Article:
Why 17% of U.S. Households refuse to Buy from Amazon
As hard as it may be to believe, especially after the record setting Holiday Season Amazon just enjoyed, the Wall Street Journal’s research indicates that as many as 22 Million consumers refuse to buy from the monolithic marketplace. That works out to be about 17% of potential consumer based households available in the U.S today!
Literally, over 22 Million households did not buy a single item off of Amazon in 2016. When you consider the ramifications of such numbers… it makes Amazons record setting year that much more impressive. It also reflects a tremendous opportunity in that it means an untapped market share still exists for digital sellers who do business through the Amazon marketplace.
One only needs to answer the following question. How do we successfully access the untouched potential of 22 Million consumer households? First, we need to understand why these consumers have apparently chosen to not do business with Amazon in the first place.
7 Reasons Shoppers don’t buy from Amazon!
The WSJ recognized multiple reasons why these consumers chose not to make any purchases from Amazon in 2016. Some of them are apparently environmental and some of them are demographic. While not all of them can be easily overcome by Amazon Sellers…no doubt some of them can be. Below is the list that the Wall Street Journal compiled as to why such a large segment of consumers do not shop on Amazon:
- Their living situation makes it difficult to receive shipping packages
- They may have personal beliefs or desires to support other sellers
- The consumer may have more convenient access to local goods
- It is possible they have limited internet access
- They may have a fear of mistrust of using the Web to place orders
- Some people simply like to browse products personally in stores
- They may find products at lower prices than those on Amazon
The WSJ research also uncovered a few other interesting facts that may preclude consumers from shopping on the Amazon site. Some people have a tendency to “overspend,” once they have access to Amazon’s easy purchasing process. For this reason, some people purposely avoid Amazon.
Another reason some individuals refuse to buy on Amazon is the wide selection of products available to them. While this may seem somewhat confusing to many sellers, it has to do with the “Psychology of Choice.” In its simplest terms, it means the more choices a customer has to consider, the more overwhelmed by those choices they can become. This can lead a consumer to feel uncomfortable with their decision making process…ultimately resulting in them refusing to make a choice at all.
Other factors can also contribute to these households refusing to purchase from Amazon as well. It has been noted that some individuals who are not active shoppers on Amazon tend to have lower incomes compared to the average on-line digital shopper.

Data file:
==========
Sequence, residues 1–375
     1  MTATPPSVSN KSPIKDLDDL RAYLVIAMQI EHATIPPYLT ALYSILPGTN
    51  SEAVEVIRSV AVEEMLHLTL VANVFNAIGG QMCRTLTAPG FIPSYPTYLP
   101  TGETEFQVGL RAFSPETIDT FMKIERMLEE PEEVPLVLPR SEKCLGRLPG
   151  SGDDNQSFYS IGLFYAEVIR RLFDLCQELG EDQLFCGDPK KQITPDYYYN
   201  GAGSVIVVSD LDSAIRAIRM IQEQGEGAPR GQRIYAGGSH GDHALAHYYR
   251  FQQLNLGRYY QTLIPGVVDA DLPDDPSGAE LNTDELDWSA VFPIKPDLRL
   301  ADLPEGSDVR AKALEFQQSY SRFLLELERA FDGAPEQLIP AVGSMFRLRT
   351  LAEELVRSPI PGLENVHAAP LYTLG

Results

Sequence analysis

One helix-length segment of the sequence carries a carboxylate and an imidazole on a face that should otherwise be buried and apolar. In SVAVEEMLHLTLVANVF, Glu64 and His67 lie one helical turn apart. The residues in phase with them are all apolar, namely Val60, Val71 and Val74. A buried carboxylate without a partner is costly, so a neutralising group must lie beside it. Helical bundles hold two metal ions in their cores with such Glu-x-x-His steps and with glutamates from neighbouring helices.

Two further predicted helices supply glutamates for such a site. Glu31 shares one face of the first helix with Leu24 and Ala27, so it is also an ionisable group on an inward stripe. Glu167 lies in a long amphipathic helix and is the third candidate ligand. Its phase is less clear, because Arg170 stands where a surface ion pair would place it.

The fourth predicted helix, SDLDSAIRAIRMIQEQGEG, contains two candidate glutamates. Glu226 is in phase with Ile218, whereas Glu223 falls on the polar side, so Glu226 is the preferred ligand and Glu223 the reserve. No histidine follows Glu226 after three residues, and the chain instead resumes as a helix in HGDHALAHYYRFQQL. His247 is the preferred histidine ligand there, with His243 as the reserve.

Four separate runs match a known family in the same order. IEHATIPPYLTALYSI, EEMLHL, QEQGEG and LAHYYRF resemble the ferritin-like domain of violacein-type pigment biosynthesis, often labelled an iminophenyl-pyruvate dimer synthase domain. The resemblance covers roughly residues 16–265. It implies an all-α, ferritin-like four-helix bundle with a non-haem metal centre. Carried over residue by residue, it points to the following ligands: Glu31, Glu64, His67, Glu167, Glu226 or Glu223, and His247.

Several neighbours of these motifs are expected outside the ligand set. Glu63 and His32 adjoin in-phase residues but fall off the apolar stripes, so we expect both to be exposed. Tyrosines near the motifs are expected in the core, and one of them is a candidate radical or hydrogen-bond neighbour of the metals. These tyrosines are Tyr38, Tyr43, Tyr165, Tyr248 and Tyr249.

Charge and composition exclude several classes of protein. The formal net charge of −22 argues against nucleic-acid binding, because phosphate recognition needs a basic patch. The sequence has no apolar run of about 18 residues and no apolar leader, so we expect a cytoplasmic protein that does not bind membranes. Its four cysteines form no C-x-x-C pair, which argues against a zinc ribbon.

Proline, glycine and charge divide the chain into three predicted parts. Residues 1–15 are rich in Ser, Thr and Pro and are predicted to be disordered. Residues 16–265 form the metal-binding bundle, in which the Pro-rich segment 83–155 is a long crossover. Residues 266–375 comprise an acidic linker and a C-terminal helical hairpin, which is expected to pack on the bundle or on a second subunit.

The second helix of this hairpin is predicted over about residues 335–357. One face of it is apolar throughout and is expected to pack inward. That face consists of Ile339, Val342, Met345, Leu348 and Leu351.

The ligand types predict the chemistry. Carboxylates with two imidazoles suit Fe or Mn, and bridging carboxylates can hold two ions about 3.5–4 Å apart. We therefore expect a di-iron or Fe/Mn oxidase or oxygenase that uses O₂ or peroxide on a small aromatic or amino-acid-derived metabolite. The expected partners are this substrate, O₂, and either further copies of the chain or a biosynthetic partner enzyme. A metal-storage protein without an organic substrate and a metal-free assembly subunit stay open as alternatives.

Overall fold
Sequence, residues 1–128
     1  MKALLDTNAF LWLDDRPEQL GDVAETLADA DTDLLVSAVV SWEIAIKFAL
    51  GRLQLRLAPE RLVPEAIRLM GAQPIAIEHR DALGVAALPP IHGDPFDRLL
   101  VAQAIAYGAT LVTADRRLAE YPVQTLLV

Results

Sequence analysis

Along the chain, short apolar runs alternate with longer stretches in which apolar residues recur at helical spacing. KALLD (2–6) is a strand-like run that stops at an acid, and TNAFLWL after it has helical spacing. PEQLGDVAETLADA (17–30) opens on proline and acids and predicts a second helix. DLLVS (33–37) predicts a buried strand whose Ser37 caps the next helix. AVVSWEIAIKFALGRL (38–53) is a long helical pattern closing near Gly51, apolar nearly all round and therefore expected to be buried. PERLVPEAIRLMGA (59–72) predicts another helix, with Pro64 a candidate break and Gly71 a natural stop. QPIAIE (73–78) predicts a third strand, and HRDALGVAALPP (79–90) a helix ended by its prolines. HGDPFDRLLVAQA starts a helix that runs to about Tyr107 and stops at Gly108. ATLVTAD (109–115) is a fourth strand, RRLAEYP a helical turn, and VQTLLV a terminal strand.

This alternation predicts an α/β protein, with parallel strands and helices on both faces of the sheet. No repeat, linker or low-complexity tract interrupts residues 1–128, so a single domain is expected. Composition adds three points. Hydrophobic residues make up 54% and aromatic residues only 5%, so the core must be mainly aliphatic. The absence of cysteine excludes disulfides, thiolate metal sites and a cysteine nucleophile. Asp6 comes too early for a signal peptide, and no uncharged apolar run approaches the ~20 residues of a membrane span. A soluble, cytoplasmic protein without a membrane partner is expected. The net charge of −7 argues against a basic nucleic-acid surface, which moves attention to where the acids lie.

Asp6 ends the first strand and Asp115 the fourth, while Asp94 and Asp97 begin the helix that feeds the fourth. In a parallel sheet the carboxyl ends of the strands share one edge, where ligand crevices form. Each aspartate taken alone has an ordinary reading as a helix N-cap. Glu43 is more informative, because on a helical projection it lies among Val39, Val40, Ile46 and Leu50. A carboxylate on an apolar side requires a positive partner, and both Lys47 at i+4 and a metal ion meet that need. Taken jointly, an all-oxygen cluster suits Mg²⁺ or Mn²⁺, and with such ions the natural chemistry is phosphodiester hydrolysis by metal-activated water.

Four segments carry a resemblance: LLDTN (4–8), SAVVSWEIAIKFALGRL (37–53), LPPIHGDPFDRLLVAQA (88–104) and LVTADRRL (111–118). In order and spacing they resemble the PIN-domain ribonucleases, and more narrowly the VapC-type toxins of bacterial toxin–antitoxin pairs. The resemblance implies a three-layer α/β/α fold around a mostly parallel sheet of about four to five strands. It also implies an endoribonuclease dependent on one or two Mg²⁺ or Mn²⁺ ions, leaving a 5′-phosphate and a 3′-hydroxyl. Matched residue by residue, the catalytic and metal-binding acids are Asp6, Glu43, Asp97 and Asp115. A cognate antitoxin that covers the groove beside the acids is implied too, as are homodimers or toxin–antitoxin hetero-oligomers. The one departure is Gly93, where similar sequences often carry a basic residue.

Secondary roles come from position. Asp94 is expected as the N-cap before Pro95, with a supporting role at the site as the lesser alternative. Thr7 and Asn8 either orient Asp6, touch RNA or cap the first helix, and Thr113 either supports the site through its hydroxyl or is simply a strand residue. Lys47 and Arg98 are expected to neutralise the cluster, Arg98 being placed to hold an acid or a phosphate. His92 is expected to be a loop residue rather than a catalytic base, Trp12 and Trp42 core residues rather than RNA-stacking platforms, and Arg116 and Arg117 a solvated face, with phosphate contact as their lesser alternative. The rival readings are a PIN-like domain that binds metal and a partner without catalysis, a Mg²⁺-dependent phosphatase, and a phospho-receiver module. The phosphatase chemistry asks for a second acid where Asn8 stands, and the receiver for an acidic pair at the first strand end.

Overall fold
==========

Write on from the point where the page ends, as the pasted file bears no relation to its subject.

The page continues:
Brad Tuttle of Time Magazine also suggests that customers have been complaining about Amazon’s escalating prices for months now. He goes on to state that, “….the company (Amazon) doesn’t seem to be holding to its original vision of undercutting competition with low price tags. For people who have to look for great deals to make ends meet, those (price) hikes potentially could push Amazon purchasing out of reach.”
How can an Amazon Seller capitalize on these Challenges?
No doubt, many of the disqualifying reasons this large segment of potential consumers will not shop with Amazon, cannot be overcome by the most aggressive and forward-thinking digital sellers in the marketplace. However, there are a few things that such sellers can do that may actually help to capture some of that market segment.
As an example, offering alternative shipping address opportunities for your customers may make them more comfortable with placing orders to begin with. Perhaps the seller could suggest that the customer’s orders could be shipped to their place of work during normal business hours? This may provide the customer a more secure receiving address for their order.
By providing more customer testimonials for outstanding service and product quality, this may help dissuade any fear or mistrust of ordering over the Web for many first time customers. If the seller provides first time shoppers additional discounts to simply try the Amazon or Web shopping experience initially, this may also encourage such consumers to make a digital purchase.
Another concept that many sellers are experimenting with is providing some type of donation to specific organizations based on product sales. As an example, if the seller advertises that they will make a donation to the ASPCA for every pet toy or item purchased, then consumers will feel like they too are supporting such organizations with a percentage of their purchases on-line. This type of sales/reward concept may help offset the challenge of potential consumers choosing retailers who support their personal beliefs.
Forward thinking = Bottom Line
Among other ideas that sellers are attempting to entice the uninitiated to the digital marketplace are concepts like “reward points.” These points compound at a cumulative total based on additional or ongoing purchases. These reward points can be applied to future purchases or for bonus products offered at various times of the year.
The bottom line is that as successful as Amazon is, it has not reached every household in the U.S. In fact, it appears that a vast untapped potential of new digital customers are still available. These new consumers are still willing to consider Web based retail purchases. It is simply up to forward-thinking sellers to figure out how to best capture their attention and interests. When you consider that for most of these customers you may be the first digital seller to actually target them, it may make bottom-line sense… that such opportunity is worth the effort!